I’ve been taking another whack at breaking down my phone/media addiction lately. I’m rarely without a book or a podcast or a show on in the background or a video game to play or several all at once.
I think I’ve managed to cut it down to one at a time, at least, and I’m rebuilding my old ability to endure silence and practice stillness. I’ve gone on long walks in silence—no headphones, no reading while I walk—and from time to time managed patches of time without a phone or screen in reach, just reading or journaling or sitting and thinking.
And I’m starting to see why I avoid it. There’s a looming sadness that I hadn’t let myself notice. I think I’m happy on the surface and happy at my core, but there are thick strata of loneliness and failure and existential dread in the middle, and I’m glad I’ve stopped ignoring them.
It’s not easy, but it feels healthy to sit quietly and just think and feel whatever I think and feel. I have an intuition that all the bad feelings will be in there until I feel them, and it may take a while to get through it all, but at least now I’m making progress instead of continuing to hide it.
Part of it is the huge changes in the world and closer to home over the last few years—politics and pandemic and the resulting loss of close community and regular feasts with friends. I’m coming to recognize that I miss life as it was, and while my life is good and will likely get better, it won’t go back to how it was.
Part of it is the inevitable reckoning as I approach 40 and see how far I have yet to go to realize my dreams and mission. I realize for all my thinking and talking about books, it’s been forever since I published one of my own. Years in, my program of writing courses has reached thousands and helped many but not broken even. I fear my publishing company may be holding my authors back as much as it helps them. My kids are growing up, and as much time as I spend with them, I’m not sure it’s enough.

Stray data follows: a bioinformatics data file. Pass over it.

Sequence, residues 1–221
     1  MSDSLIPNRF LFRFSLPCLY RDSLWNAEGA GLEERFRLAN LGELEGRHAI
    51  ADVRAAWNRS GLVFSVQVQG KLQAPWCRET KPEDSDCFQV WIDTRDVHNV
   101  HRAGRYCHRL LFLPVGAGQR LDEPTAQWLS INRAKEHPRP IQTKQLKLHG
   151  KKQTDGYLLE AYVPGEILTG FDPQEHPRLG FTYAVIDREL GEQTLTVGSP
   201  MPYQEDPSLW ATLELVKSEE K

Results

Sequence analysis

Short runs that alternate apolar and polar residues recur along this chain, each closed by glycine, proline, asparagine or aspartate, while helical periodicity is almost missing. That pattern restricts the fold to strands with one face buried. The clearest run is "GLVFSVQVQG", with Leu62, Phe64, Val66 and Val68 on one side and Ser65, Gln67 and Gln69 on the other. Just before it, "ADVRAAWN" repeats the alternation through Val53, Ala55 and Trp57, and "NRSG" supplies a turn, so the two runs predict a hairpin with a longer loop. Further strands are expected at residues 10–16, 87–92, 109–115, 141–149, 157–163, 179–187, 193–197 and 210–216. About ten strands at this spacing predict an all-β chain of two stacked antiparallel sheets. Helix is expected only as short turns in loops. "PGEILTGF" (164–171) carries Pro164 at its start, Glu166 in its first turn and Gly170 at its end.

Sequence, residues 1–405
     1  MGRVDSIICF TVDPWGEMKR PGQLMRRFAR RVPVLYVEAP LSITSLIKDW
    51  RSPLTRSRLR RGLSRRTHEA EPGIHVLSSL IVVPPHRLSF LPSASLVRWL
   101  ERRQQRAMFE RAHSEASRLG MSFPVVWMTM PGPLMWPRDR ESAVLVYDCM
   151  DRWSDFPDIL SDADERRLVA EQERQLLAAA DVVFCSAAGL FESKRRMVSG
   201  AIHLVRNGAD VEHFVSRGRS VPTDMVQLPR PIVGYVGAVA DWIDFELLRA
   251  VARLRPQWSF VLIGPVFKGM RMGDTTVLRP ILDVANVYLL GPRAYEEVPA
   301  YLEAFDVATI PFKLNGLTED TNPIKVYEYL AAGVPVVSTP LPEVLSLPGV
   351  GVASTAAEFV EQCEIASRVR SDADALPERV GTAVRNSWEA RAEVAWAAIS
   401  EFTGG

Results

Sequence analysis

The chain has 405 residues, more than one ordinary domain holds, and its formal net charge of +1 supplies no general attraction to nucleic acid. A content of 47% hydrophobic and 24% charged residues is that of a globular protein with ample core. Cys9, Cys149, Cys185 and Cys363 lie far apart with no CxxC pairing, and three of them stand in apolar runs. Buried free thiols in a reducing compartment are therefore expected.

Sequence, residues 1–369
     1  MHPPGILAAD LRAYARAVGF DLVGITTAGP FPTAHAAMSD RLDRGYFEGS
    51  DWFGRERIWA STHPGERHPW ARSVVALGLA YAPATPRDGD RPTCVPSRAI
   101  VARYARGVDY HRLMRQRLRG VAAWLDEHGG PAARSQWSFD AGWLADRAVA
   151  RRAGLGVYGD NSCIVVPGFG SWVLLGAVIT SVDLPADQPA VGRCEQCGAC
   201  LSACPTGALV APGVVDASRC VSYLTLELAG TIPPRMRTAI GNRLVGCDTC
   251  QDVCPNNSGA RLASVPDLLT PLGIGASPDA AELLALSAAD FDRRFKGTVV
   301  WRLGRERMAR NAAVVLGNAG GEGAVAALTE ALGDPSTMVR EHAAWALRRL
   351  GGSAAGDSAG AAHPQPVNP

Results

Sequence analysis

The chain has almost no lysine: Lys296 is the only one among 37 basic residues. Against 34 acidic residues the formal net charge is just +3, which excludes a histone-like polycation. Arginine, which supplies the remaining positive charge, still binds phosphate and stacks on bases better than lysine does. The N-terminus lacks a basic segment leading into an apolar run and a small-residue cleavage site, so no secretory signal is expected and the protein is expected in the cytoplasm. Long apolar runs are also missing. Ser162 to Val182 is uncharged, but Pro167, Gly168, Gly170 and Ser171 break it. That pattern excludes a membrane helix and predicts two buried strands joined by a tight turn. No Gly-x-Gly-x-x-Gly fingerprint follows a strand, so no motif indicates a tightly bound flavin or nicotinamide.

And finally, part of it is a growing awareness that I don’t know how to get where I’m going. Our efforts to buy a homestead for rich hospitality seem stymied by the market. I can’t crack the nut of how to get my businesses properly profitable for me and my authors. I’ve got at least eight books burning and burning inside me, and yet I face powerful avoidance every time I sit down to write.
I’m finding I deeply crave a less individualistic culture, where I’m surrounded by traditions and supports, where there are apprenticeships and communal Sabbaths and norms of hospitality and known prayers to pray. It seems I’m tired of making all this up as I go.
I’m not going to try to wrap this all up with too tidy a bow—it’s real sadness and I’m really feeling it, and I’m still in the middle of it—but three things help.
One is that, while there are difficult realities there, I know my read on them and the resulting emotions fluctuate, and I’m pretty sure I’m just in a downswing right now. I’ve been here before, and it does get better.
Second, I’m finding this is undercutting my confidence in planning and effort. I’ve had it up to about here with planning and effort, and I’m increasingly ready to slow down, listen, find the heart of God, and do the one right next thing that is needed instead of all the scattershot things I can think of in hopes that one of them works. That seems like a healthy direction.
Third, and strongest, is that I don’t ultimately depend on any of this going right. I desperately want it to, but if it all falls apart, I’m still with God, already and forever.